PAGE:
Ad Nauseum

How Cannabis Helps the Sickest Sick

How I developed two twin kidney stones last month is anybody’s guess.  I sure don’t fit the high-risk profile (soda-swigging, obese, middle-aged and male). I avoid sweet drinks of any sort.  The last time I visited MacDonald’s it was for a bathroom stop on a road trip.  I shop at the Farmer’s Market and I’m on a first-name basis with Kurt, the counter guy at Planet Fitness.

So when a nagging back/side ache persisted for weeks, I thought I’d sprained a muscle, pinched a nerve or was succumbing to arthritis.  It wasn’t until I saw the blood in my urine that I connected the dots to my kidneys and that meant a quick trip to the local ER to confirm the diagnosis.

One of the stones was too large to pass “naturally”, a process that has been described to me as “the male equivalent of having a baby.”  So that meant a procedure involving general anesthesia, snaking a laser tube into the urethra and zapping/extracting the little buggers.  I thought it would be like a serious colonoscopy, a quick in and out.

I was wrong.  As soon as the sedating drugs wore off and the day surgery nurses wheeled me out the door, I found myself curled up in bed with a heating pad, barking at El Hubbo to fetch the prescribed narcotic pain pills from the pharmacy post-haste. If I had to lay in a drug-induced stupor for a few days, so be it.

The problem was I couldn’t take the pain pills.  They made me sick in the worst way, bringing on waves of nausea, overwhelming their intended purpose.  The truth is I’d rather hurt than feel like I’m about to throw up.

Which got me to thinking about cannabis and one of the Big Three medical uses that it’s known for – overcoming nausea.  (The other two are pain control and anti-inflammation.)  It turns out that cannabis is well-established as an effective anti-emetic, especially for cancer patients who frequently experience this horrible side effect of chemotherapy.  In the medical world, this condition is abbreviated CINV for Chemotherapy- Induced Nausea and Vomiting.

Sounds awful, doesn’t it?  Enter cannabinoids to the rescue!

Cannabinoids have known to treat CINV since 1985 when the FDA approved two synthetic medicines, nabinolone and dronabinal, for that purpose. The two are slightly different variations of delta-9-tetrahydrocannibinol (Δ9-THC), the well-known constituent of the cannabis plant. Dronabinol is marketed as Marinol, and nabilone is sold as Cesamet. Last year, a third prescription drug mimicking THC, Syndros, became available and is sold in liquid form.

Cannabinoids work by blocking the binding of serotonin and dopamine, two neurotransmitters which are associated with CINV, at receptor sites. Some of the body’s endocannabinoid receptors exist within pathways causing “emetic reflex” – that’s medical language for throwing up (or feeling like you’re about to) after provoking the gag reflex.  The regulator of nausea and vomiting is found in a part of the brainstem called the dorsal vagal complex (DVC), responsible for communication between signals in the blood (like chemotherapy) and the nerve cells that initiate emesis.   The reason that cannabinoids work so effectively is that both the DVC and the gastrointestinal tract have endocannabinoid receptors.   So the urge to vomit is relieved when the receptors are activated by Δ9-THC.

In other words, the feeling of being nauseous seems to have more to do with the brain than the stomach.  THC (and also CBD to a lesser extent) suppress nausea and vomiting by triggering our own receptors that govern bodily functions.  My neuro-nurse brain spins with the brilliant simplicity of such a built-in process!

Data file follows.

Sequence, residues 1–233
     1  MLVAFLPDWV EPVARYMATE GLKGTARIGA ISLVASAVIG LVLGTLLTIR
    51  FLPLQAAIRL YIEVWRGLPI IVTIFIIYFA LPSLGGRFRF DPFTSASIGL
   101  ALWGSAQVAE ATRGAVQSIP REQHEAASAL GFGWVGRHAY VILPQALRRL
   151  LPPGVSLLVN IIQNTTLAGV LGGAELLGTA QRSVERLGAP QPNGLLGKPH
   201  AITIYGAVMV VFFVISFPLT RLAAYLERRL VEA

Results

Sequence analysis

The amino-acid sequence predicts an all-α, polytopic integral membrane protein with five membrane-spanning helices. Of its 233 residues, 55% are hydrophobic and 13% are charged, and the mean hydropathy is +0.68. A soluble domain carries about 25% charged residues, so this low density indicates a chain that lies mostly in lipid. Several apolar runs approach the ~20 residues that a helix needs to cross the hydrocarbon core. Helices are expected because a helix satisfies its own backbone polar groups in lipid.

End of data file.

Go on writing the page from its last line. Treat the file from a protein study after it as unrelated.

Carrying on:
But the reality of putting such a process into motion for a suffering patient is anything but simple.  For some, the side effects of these drugs, which can include drowsiness, weakness, increased heart rate and drops in blood pressure (to name a few), may overshadow the benefit.  And then there is the cost. Shop around for Marinol at the big chain drugstores and you’ll find prices of $200-$600 for 60 pills without insurance. Cesamet, which is stronger and for more severe cases of CINV, will run you over $2,000 for 50 capsules; the same cost applies to a two-ounce bottle of Syndros.

I’ll interject the obvious question now: if cannabinoids like THC and CBD work their magic via the endocannabinoid system that resides within each of us, why not use the plant itself rather than a synthetic version?  Wouldn’t the plant render the same (or better) effect for this condition, minus severe side effects and at a lower cost?

The short answer is yes.  Natural cannabis can also be used for all types of nausea, not just CINV. Most evidence has come from strains containing some degree of THC with therapeutic outcomes dependent upon THC concentration. Other formulations involve THC and cannabidiol (CBD) in different ratios. Cannabis strains can be specifically cultivated to render different ratios and concentrations, achieving whatever particular pharmacologic effect is desired.

Of course, the longer, more complicated answer involves politics, money, and federal and state laws governing cannabis usage, growth, research and access.  In the meantime, I’m encouraged by science endeavors that continue to search for good solutions for all conditions, not just the ones that make us gag. We must, as one 87-year-old cancer survivor sagely advised me, “continue to beat the drum but louder”.

Meredith Patterson, RN, BSN, CRRN


Meredith Patterson is a nurse specializing in neurology. She writes about the brain and brain health at her blog –



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